Sunscreen Ingredients Ranked In Order Of Toxicity

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Sunscreen Ingredients Ranked In Order Of Toxicity
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Many people think of sunscreens as purely beneficial and while they undoubtedly offer protection from UV rays, the ingredients used in many sunscreens have been the subject of health concerns of their own. Here is a list of sunscreen ingredients together with findings from scientific research.

Oxybenzone: A organic compound that is often used in sunscreens. In humans, oxybenzone has been found to cause skin allergies and can disrupt hormone production. Environmentally, it has been shown to produce toxic reactions in coral reefs. [1]

Octinoxate: Octinoxate has been banned in Hawaii along with oxybenzone due to their toxic effects on coral reefs. Studies have also found it to be a hormone disruptor, have reproductive toxicity, and be toxic to cells. [2]

Homosalate: Homosalate is a potential endocrine disruptor and can impact hormone production including testosterone hormone. [3] The chemical homosalate can enhance the absorption of pesticides in the body.

Octisalate: Octisalate is a colorless liquid that has a moderate level of negative health effects including some skin allergies.
Octocrylene: Octocrylene increases the production of free radicals in the skin when exposed to the sun that can lead to skin cancer and premature aging. Photo contact allergy with octocrylene is common. [4]

Avobenzone: Avobenzone is unstable in sun and must be mixed with the stabilizers for usage. A study found the avobenzone levels to be higher than FDA approved standards. [5]

Titanium Dioxide: Titanium is generally considered as having minimal toxicity and little in the way of negative biological effects. It has been classified as biologically inert. However Titanium dioxide nanoparticles have different chemical properties and their biological effects are still not entirely known, leading to researchers regarding their toxicological profile as incomplete. The minute particle size does influence the behavior of the substance and so it cannot be completely inferred what it will do from the “regular” titanium dioxide. Despite this lack of clarity, these particles are used in pharmaceuticals, cosmetics, sunscreens and even food products. Titanium oxide nanoparticles may cause oxidative stress, metabolic changes, inflammation and potentially even carcinogenesis. [6]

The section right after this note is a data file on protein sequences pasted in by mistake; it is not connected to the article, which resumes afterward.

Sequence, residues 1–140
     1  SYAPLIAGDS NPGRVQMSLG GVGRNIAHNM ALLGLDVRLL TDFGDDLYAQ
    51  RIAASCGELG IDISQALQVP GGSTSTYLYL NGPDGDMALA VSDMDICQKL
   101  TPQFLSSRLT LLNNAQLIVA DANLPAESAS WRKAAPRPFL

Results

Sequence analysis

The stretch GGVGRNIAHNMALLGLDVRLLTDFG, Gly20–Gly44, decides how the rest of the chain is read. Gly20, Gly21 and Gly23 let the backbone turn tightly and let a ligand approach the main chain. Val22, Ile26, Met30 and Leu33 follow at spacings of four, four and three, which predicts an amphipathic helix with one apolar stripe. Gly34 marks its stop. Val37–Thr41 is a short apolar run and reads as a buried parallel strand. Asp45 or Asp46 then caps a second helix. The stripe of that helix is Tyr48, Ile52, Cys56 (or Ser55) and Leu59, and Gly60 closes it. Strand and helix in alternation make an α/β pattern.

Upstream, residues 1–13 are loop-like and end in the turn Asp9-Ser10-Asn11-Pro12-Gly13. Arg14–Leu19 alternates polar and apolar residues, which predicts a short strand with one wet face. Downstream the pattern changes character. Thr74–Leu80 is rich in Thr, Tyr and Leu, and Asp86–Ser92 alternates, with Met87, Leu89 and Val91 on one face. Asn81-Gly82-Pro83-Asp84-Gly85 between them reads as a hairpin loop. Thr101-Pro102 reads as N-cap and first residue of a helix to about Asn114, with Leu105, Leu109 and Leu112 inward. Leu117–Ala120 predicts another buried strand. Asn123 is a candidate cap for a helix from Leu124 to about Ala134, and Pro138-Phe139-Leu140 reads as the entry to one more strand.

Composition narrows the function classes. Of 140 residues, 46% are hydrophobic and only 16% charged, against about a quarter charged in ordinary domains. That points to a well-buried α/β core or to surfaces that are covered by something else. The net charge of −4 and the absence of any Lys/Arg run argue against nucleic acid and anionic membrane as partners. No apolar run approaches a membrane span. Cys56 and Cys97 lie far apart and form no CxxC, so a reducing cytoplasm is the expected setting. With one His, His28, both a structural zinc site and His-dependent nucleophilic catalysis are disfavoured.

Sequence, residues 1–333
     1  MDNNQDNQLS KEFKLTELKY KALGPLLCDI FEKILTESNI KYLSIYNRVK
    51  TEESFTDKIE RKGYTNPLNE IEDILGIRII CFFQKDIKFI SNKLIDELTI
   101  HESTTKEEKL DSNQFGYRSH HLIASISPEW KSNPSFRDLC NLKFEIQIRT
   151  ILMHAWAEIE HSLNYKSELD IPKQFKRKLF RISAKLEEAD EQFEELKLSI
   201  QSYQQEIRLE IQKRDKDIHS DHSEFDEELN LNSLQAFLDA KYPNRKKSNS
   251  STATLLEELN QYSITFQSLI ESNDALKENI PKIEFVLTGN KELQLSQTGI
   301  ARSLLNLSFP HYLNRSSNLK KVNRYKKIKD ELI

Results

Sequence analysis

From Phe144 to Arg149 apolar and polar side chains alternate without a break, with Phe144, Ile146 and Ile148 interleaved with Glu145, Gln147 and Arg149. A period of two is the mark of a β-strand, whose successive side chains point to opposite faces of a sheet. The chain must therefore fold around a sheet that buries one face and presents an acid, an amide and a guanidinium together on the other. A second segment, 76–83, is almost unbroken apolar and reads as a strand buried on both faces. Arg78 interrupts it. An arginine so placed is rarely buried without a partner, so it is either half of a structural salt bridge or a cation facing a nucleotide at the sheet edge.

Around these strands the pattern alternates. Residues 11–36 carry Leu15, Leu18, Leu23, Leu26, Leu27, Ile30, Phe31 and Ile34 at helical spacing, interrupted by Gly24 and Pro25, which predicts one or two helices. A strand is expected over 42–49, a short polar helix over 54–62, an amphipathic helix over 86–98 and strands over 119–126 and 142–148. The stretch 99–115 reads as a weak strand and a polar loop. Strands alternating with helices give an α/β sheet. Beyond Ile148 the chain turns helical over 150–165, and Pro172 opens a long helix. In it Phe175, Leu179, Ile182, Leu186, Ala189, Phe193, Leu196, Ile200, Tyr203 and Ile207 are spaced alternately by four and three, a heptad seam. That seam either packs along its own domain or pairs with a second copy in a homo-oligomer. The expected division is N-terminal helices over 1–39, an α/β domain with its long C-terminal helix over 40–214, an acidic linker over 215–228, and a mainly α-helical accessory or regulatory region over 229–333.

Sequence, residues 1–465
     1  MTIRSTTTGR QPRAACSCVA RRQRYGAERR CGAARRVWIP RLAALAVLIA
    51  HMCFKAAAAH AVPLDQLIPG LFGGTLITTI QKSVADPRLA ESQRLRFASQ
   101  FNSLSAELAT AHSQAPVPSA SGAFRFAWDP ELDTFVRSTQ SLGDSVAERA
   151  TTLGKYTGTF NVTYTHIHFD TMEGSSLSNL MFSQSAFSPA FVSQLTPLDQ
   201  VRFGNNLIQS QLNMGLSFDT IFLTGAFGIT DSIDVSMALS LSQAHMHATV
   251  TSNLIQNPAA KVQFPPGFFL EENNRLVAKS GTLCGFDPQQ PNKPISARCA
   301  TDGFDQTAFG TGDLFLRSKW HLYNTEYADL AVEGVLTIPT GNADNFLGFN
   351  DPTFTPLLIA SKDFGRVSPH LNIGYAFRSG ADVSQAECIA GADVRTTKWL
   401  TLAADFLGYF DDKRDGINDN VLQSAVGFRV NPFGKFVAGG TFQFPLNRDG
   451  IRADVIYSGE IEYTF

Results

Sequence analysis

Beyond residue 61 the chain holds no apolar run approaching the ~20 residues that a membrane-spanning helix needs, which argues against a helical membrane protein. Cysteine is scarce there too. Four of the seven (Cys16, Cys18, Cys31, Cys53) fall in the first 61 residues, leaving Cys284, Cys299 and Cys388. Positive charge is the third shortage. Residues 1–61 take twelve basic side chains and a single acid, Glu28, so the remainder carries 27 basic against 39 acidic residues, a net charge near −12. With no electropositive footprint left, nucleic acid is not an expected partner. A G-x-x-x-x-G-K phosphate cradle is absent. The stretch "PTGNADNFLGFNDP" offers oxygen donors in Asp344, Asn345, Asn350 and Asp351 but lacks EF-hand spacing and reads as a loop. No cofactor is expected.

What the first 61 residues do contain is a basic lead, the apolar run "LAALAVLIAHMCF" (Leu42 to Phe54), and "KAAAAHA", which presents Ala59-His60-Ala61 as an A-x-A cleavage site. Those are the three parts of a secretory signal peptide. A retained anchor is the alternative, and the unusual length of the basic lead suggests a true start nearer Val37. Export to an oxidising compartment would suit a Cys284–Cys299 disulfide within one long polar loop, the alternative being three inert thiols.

Zinc oxide: Zinc oxide has the lowest toxicity risk and is generally regarded as safe. The only concern with zinc oxide is inhalation that can cause metal fume fever, a flu-like illness accompanied by headaches, aches, and chest fatigue.

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LEARN MORE about sunscreen and your health:

Most Sunscreens Are Bad, But These 7 Brands Have Been Reported Worst For Kids: https://herbshealthhappiness.com/most-sunscreens-are-bad-but-these-7-brands-have-been-reported-worst-for-kids/

How To Make Your Own Sunscreen Using Natural Ingredients: https://herbshealthhappiness.com/how-to-make-sunscreen-using-natural-ingredients/

References:

[1] DiNardo, J.C. and C.A. Downs, Dermatological and environmental toxicological impact of the sunscreen ingredient oxybenzone/benzophenone‐3. Journal of cosmetic dermatology, 2018. 17(1): p. 15-19. https://onlinelibrary.wiley.com/doi/abs/10.1111/jocd.12449

[2] Raffa, R.B., et al., Sunscreen bans: Coral reefs and skin cancer. Journal of Clinical Pharmacy and Therapeutics, 2019. 44(1): p. 134-139. https://onlinelibrary.wiley.com/doi/full/10.1111/jcpt.12778

[3] Erol, M., et al., Evaluation of the endocrine-disrupting effects of homosalate (HMS) and 2-ethylhexyl 4-dimethylaminobenzoate (OD-PABA) in rat pups during the prenatal, lactation, and early postnatal periods. Toxicology and Industrial Health, 2017. 33(10): p. 775-791. https://journals.sagepub.com/doi/10.1177/0748233717718974

[4] Berardesca, E., et al., Review of the safety of octocrylene used as an ultraviolet filter in cosmetics. Journal of the European Academy of Dermatology and Venereology, 2019. 33: p. 25-33. https://onlinelibrary.wiley.com/doi/full/10.1111/jdv.15945

[5] Matta, M.K., et al., Effect of sunscreen application under maximal use conditions on plasma concentration of sunscreen active ingredients: a randomized clinical trial. Jama, 2019. 321(21): p. 2082-2091. https://jamanetwork.com/journals/jama/fullarticle/2733085

[6] Fedora Grande, Paola Tucci. Titanium Dioxide Nanoparticles: a Risk for Human Health? (2016) https://pubmed.ncbi.nlm.nih.gov/26996620/


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